I am not bending to anyone’s demands says Dave Chappelle comment since The Closer transphobic row


Dave Chappelle, whose comments about transgender people led to a furious backlash from the LGBTQ community, has said he will ‘not bend to anyone’s demands’ over what he can and cannot say. 

In recent weeks, comedian has faced calls for him to be cancelled following jokes  made in a stand-up special for the streaming service, Netflix. 

Chappelle courted controversy with his jokes in which he asserts ‘gender is a fact,’ and criticizes what he says is the thin skin of the trans community. 

The jokes were based upon earlier observations made by Harry Potter author J K Rowling’s who in 2019 stated that transgender women were not actually women and were a threat to her identity.

Comedian Dave Chappelle, 48, together with Netflix has faced backlash from the LGBTQ community for remarks made in his latest special

On Monday, Chapelle spoke out for the first time about the controversy in a five minute video which was posted to Instagram. 

‘To the transgender community, I am more than willing to give you an audience, but you will not summon me,’ Chapelle stated in a a five-minute posting. ‘I am not bending to anyone’s demands, and if you want to meet with me, I am more than willing to, but I have some conditions…’ Chappelle said in a segment which was filmed onstage.   

‘First of all, you cannot come if you have not watched my special from beginning to end. You must come to a place of my choosing at a time of my choosing, and thirdly, you must admit that Hannah Gadsby is not funny.

‘Am I canceled or not? Then let’s go!’ Chappelle yells at the end of the video. 

In an Instagram video on Monday, Chapelle said he was open to meeting with the transgender community but they had to have watched his special beforehand

In an Instagram video on Monday, Chapelle said he was open to meeting with the transgender community but they had to have watched his special beforehand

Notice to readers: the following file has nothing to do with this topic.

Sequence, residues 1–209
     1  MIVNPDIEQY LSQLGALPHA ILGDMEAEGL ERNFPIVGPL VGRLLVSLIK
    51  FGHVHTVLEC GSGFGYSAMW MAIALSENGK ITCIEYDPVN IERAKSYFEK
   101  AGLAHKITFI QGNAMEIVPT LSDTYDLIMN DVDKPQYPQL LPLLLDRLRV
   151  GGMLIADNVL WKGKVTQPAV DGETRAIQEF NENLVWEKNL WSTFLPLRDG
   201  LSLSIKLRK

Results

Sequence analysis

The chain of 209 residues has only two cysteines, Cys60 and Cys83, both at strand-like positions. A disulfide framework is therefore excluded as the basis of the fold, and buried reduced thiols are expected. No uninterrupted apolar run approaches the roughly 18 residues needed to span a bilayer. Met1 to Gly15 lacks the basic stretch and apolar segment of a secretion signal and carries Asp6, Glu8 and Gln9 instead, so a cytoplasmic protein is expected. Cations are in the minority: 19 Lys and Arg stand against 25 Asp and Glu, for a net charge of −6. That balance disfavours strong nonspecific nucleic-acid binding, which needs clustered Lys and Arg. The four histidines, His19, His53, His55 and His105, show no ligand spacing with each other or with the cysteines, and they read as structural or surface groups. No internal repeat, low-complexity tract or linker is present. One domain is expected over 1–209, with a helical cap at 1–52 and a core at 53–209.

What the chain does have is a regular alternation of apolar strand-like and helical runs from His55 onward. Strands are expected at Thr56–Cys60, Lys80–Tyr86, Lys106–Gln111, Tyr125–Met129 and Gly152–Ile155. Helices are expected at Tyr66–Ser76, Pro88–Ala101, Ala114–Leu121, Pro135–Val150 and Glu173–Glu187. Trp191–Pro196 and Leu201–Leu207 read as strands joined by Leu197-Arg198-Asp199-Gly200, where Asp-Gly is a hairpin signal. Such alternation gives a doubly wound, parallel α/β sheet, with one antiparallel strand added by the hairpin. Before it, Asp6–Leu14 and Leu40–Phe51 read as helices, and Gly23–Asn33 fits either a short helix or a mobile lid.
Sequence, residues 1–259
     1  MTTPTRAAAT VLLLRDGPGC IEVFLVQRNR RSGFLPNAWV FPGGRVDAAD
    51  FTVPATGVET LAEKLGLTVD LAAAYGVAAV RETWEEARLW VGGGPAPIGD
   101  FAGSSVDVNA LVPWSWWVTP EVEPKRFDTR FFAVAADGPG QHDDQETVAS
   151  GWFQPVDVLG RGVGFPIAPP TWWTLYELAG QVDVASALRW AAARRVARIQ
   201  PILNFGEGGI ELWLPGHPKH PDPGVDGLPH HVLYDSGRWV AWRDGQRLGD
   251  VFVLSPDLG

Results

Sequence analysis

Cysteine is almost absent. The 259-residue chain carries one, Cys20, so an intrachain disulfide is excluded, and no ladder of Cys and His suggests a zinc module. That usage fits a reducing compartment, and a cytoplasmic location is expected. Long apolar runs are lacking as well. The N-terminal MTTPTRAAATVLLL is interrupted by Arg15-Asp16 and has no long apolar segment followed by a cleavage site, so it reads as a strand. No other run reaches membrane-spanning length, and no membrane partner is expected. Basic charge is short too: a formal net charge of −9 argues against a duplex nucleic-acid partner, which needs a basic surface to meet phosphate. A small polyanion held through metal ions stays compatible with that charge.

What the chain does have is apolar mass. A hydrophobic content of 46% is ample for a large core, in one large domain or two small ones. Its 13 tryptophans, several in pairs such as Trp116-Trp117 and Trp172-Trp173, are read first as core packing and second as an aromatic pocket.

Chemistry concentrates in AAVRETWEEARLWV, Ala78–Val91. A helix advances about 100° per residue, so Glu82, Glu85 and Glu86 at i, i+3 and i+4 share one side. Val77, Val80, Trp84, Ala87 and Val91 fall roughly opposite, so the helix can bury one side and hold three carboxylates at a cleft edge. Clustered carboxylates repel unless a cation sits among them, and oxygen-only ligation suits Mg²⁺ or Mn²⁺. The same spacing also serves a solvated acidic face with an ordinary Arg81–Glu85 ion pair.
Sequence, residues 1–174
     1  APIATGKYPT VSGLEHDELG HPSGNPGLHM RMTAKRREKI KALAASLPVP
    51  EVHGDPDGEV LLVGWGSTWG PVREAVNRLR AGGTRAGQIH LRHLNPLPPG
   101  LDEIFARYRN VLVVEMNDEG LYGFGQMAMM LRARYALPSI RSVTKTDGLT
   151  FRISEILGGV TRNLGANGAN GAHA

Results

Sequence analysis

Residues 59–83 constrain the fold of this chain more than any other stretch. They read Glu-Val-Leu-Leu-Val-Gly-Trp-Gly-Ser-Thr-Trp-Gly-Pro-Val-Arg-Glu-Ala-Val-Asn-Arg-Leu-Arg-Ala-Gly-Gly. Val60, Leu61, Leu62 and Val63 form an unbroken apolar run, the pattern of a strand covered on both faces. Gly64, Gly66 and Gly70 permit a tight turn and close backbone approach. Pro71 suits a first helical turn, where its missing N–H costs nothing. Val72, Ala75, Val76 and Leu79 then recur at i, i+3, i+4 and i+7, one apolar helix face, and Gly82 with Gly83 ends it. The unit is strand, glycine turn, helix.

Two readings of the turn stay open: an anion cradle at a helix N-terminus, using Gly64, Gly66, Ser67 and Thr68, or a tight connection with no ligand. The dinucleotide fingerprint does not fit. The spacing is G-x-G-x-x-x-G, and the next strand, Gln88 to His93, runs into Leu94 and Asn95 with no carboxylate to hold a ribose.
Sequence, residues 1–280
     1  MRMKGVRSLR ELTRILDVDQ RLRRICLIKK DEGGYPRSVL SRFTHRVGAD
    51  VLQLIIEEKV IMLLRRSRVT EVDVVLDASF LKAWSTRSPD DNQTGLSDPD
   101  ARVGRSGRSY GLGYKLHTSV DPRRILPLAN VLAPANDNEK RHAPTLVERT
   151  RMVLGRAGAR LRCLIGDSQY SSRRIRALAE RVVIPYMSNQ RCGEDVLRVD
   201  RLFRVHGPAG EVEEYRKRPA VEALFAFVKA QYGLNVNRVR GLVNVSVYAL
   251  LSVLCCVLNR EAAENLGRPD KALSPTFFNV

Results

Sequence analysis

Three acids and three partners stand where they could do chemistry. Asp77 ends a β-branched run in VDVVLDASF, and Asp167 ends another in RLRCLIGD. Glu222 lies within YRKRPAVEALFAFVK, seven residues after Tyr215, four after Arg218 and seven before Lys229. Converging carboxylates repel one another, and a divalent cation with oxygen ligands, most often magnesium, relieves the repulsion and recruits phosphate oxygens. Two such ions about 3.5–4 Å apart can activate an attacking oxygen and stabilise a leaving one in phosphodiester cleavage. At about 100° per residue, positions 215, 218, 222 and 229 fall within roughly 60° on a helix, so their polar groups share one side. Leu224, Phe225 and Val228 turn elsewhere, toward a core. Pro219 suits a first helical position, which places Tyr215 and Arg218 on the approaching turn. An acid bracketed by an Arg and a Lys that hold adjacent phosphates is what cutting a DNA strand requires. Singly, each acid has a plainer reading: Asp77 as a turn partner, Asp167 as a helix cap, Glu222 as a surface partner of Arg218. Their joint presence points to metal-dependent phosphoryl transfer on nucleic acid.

Chappelle, 48, has been accused of transphobia in previous Netflix specials.

In The Closer he is at pains to stress that he does not hate transgender people, and tells a long anecdote about a trans woman comic, who he describes as a friend, who came to his defense in earlier entanglements with the community.

Chappelle adds: ‘Every human being in this room, every human being on Earth, had to pass through the legs of a woman to be on Earth. That is a fact.’

In the contentious special, Chappelle also jokes that women today view transwomen the same way black people might view white women wearing blackface, and remarked that women are entitled to feel anger toward transwomen, since Caitlyn Jenner won Glamour magazine’s 2015 Woman of the Year award.

‘I’d be mad as sh*t if I was a woman,’ Chappelle says during a problematic bit.

The star also jokes about the anatomy of transwomen in the special, joking that they lacked real female reproductive organs and that they did not have blood but ‘beet juice. 

It has been almost three weeks since the controversy began which saw some staff suspended and others fired in the fallout. 

Chappelle’s comments and Netflix’s refusal to pull the comedy special, The Closer, led to protests on the streets of Hollywood. 

Netflix CEO, Ted Sarandos, initially defended Chappelle and said that it did not ‘cross the line’ on hate speech, despite various organizations including GLAAD and National Black Justice Coalition condemning the comedian’s comments along with a number of trans Netflix employees.

Netflix boss Ted Sarandos has defended Dave Chappelle's The Closer special to his staff, telling them in an email 'content on screen doesn't translate to real-world harm'